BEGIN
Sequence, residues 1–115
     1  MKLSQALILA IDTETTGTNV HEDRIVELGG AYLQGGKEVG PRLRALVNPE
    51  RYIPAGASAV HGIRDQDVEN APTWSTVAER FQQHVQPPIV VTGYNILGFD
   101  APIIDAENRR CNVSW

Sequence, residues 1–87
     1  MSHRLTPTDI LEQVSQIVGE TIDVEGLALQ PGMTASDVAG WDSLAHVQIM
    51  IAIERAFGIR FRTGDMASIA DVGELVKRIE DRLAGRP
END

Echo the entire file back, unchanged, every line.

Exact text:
Sequence, residues 1–115
     1  MKLSQALILA IDTETTGTNV HEDRIVELGG AYLQGGKEVG PRLRALVNPE
    51  RYIPAGASAV HGIRDQDVEN APTWSTVAER FQQHVQPPIV VTGYNILGFD
   101  APIIDAENRR CNVSW

Sequence, residues 1–87
     1  MSHRLTPTDI LEQVSQIVGE TIDVEGLALQ PGMTASDVAG WDSLAHVQIM
    51  IAIERAFGIR FRTGDMASIA DVGELVKRIE DRLAGRP